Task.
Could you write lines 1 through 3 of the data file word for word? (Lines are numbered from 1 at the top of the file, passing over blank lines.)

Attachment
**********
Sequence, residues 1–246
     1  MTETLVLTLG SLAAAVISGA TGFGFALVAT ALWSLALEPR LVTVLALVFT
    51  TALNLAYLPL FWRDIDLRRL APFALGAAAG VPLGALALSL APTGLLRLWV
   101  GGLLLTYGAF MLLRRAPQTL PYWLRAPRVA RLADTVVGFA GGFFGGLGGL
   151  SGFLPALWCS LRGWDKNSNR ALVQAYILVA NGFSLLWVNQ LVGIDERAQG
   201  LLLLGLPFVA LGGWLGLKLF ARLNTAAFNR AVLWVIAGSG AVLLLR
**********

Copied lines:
Sequence, residues 1–246
     1  MTETLVLTLG SLAAAVISGA TGFGFALVAT ALWSLALEPR LVTVLALVFT
    51  TALNLAYLPL FWRDIDLRRL APFALGAAAG VPLGALALSL APTGLLRLWV